Hailey: “And me daddy?”
Me: “You can still go Hailey. And so can Sissy. If she stops complaining about her misplaced goggles.” The room was silent for about ten seconds.
Olivia: “But I want my goggles.”
Me: “That’s it Olivia, you are not going swimming.”
Olivia: “But I want to go swimming!” Sobbing.
Me: “I asked you not to mention your missing goggles and you just did. No. No swimming!”
Olivia: “But I want to go swimming!” Sobbing, knees buckle and she falls to the ground.
Hailey: “And me daddy?”
Me: “Just me and you Hailey.”
Olivia: “But I want to go swimming too! I want to go!”
Me: “No, You are not going swimming!” I couldn’t back down now. I start to pack the swim gear into the gym bag and noticed that Hailey’s goggles are not where I had left them.
Me: “Where? What? Hailey now where are your goggles?” I tear apart the gym bag and head into the living room to double check the backpacks. I start to think I am losing my mind.
Hailey: “Here they are!” She pulls the goggles out of the trash can. Banana peelings cling to the pink Speedo’s
Me: “Olivia! Did you put those in the trash!?” She didn’t answer and I didn’t really need to ask. Flash backs of my dad lashing me with a thick leather belt enter my head.
Me: “That was a mistake! Now you’re in timeout.” I escort her to the designated timeout spot. “You’re time out for trashing your sisters’ goggles!” I let her sit for a few minutes as I assure Hailey that the two of us will be going swimming.
Me: “Why were you in timeout?” Kneeling down inches from Olivia.
Olivia: “I threw Hailey’s goggles in the trash.” Sniffling.
Me: “Why did you do that?”
Olivia: “I duno” She honestly didn’t.
Me: “Well sweetie, I think that you were so upset that you couldn’t find your goggles that you didn’t want Hailey to have hers either.”
Olivia: “Mmm Hmm”
Me: “Well sweetie, that was a mistake and I think Hailey would feel better about her dirty goggles if you apologized.”
Olivia: “Sorry Hailey.”
Me: “Look her in the face when you say that.”
Olivia: “Sorry Hailey.”
I consoled Olivia until Kim got home, replaying the scenario multiple times while offering better solutions to her mistakes but never mentioned my mistake which was an unfair punishment for her extreme emotional outburst and normal for a kid her age. She was upset that she lost her goggles and even though I let her know that we would look for them where she most likely had left them I couldn’t let her grieve completely. Maybe she just needed another few minutes to vent. Although once I told her that she couldn’t go swimming, had I reversed my decision, I would have made two mistakes. My authority is absolute and must always be. Not for me but for my girls.
Side Note: The lost goggles were not in the pool’s lost and found bin, but the very next day when arriving at preschool, the admin assistant, whom runs the school’s office, let me know that her daughter had come home with Olivia’s goggles.
Olivia and Hailey are persistent when it comes to testing their physical and social boundaries. Pushing the limit of acceptability and redrawing the lines of our parental permissiveness. Once reliable our old steadfast rules are crumbling around us. Crafty new legislation is drafted behind closed doors or sometimes on a need to be ratified immediately basis, however to Olivia and Hailey, the newly created laws are written with invisible ink.
Kim and I attempt to educate long before resorting to punishment but increasingly we find that swift justice erupts as the kiddos become volatile. For Olivia, timeouts are becoming increasingly useless. The last time she was put in timeout, it was for repeatedly dismounting from her chair at the dinner table. She flitted around the table, her mouth half full, chewing, talking, and food falling to the floor. Mimi, our beloved family dog, vacuumed up after her. Kim gave the kid a warning and Olivia disregarded the last chance by bouncing off her chair only seconds after the ultimatum was issued. Kim escorted Olivia to the designated timeout spot where she quietly sat. Four minutes passed and Kim paroled Olivia only to have the detainee willingly stay incarcerated for three times the length of her original imprisonment. Similar to lifelong criminals who decide it’s better on the inside then in the real world.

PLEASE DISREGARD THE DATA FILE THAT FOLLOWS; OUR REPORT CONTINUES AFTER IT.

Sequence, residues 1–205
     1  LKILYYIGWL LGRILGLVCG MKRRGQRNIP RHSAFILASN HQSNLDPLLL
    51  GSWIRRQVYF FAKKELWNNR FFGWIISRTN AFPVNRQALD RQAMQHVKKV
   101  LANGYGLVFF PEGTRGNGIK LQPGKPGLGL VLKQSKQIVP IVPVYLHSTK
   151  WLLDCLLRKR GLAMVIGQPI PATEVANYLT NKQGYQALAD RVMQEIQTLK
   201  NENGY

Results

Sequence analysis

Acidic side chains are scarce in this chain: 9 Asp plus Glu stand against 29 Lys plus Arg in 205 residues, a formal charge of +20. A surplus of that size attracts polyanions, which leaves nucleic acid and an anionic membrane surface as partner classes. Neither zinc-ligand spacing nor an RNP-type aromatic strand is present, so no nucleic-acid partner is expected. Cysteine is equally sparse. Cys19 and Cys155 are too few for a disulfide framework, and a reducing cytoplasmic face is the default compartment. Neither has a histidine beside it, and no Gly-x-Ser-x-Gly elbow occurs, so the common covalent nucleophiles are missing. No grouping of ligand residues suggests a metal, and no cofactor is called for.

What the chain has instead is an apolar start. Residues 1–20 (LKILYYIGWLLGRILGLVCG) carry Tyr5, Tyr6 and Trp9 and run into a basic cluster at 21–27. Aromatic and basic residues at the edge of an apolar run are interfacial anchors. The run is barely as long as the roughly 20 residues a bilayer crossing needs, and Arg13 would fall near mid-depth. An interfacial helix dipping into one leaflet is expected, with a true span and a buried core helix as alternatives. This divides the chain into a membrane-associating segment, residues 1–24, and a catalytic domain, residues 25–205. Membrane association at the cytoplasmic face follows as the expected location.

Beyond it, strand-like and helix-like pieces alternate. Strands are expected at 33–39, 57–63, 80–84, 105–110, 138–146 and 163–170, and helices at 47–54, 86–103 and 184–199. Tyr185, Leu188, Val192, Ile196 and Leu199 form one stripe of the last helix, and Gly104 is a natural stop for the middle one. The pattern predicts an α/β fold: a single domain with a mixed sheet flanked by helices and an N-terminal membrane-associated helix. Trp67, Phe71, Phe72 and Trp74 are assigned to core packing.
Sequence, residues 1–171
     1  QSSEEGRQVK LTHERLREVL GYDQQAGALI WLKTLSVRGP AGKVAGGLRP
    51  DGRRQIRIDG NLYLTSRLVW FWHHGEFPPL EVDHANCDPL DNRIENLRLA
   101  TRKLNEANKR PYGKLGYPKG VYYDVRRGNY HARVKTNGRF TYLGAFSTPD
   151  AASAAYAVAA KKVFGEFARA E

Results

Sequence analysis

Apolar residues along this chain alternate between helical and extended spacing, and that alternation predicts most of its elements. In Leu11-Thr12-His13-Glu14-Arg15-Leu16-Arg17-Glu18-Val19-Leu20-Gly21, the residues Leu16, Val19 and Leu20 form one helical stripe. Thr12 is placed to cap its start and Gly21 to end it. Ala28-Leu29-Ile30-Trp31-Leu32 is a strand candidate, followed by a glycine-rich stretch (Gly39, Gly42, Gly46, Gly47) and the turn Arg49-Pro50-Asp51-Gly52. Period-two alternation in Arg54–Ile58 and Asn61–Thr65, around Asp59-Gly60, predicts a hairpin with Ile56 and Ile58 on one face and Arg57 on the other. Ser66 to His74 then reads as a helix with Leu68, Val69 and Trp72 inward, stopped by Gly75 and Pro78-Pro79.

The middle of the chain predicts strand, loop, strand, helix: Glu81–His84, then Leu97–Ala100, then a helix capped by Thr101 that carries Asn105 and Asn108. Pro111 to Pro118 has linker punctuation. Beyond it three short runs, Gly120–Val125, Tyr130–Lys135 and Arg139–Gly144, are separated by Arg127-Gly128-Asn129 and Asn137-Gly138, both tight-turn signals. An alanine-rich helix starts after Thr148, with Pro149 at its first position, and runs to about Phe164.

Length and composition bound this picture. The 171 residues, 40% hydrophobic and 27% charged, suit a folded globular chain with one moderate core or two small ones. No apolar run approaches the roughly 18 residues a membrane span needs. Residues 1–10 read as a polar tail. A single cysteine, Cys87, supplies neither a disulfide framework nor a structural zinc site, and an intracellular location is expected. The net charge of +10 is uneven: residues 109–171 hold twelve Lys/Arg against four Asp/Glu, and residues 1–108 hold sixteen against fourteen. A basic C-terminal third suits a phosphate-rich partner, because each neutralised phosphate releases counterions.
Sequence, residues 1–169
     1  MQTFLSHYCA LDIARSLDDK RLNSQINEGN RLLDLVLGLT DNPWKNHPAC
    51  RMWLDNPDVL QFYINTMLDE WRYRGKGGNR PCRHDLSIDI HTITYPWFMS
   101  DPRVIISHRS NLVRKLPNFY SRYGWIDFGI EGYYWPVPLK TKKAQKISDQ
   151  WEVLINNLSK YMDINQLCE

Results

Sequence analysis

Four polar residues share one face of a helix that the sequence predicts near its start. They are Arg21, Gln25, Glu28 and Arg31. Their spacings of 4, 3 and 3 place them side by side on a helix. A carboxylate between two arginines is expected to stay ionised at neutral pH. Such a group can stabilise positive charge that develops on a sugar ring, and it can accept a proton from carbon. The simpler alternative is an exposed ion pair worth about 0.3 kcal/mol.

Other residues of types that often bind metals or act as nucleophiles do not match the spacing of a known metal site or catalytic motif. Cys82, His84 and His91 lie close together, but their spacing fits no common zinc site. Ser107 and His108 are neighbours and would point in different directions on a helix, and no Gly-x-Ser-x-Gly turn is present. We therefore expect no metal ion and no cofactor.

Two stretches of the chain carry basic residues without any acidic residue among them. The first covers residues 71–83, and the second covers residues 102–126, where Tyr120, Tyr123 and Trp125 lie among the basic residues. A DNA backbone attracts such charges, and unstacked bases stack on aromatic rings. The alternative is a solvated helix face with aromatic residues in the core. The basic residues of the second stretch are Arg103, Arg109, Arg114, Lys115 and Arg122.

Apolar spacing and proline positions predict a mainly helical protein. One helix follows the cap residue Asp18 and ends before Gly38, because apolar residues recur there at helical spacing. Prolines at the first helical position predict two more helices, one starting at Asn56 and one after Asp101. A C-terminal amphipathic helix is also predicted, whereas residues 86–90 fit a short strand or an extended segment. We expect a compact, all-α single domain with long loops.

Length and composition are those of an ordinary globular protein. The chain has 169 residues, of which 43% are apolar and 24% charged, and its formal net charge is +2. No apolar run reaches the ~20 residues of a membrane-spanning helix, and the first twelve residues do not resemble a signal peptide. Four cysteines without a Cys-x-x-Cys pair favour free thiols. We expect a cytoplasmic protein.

Since that time, I decided we must try an alternate discipline strategy; revoking privileges. Take away what toys or objects they love the most for a whole day, sometimes longer or until they can earn them back. Kim and I have instilled the belief that their toys are privileges which is actually a good because I think most of these brats today feel they are entitled to anything and everything. It is working for the time being, but I can see into the future and what I know is this; one day the kiddos will have the revelation that they will be able to survive without anything but the things that sustain them. Obvouisly, I’ll refrain from deprivation of basic necessities as a punishment mechanism. Olivia is starting to figure that out already. Just tonight, on their first offence, I had removed their reading lights, meaning no more books for the night and all the stuffed animals that they sleep with on a second violation. I had threatened that if they couldn’t follow the night time rules of no jumping, no screaming, no throwing and no leaving their room (except to use the potty or for an emergency), the next thing I would be removing was their radio. And books-on-CD are a hot commodity.
Questioning what was next at stake, Olivia wondered what I would nix after the radio, “And after that… my ponies?”
I had to think about it for a minute because Olivia has a team of imaginary ponies, “No, I can’t take your imagination away from you.” It is only a matter of time before their room is stripped naked except for beds, covers and bedside cups of water.
Unless Hailey is on the brink of utter exhaustion, her body is in constant motion, so timeouts still work as a deterrent on her. Except for this morning:
Me: “Morning kiddo. How about some milk?”
Me: “No spiting Hailey. That’s disrespectful”
Me: “You spit again and you’re in timeout!”
Me: “Ok, you’re in timeout for spiting and for disrespecting me!!”
Me: “You can take yourself to timeout or I will take you there!!!”
Me: “You sit on this spot for three minutes. You’re in timeout for spitting and being disrespectful!!!” I run to the kitchen and slam several cups of milky grind-and-brew coffee. Three short minutes pass. I squat down eye level with Hailey and assume a sweet caring dad role.
Me: “Ok Hailey, why are you in timeout?”
Hailey: “Plblblulth. Plblblulth. Plblblulth.”
Irony is difficult to interpret coming from a three year old at seven o’clock in the morning.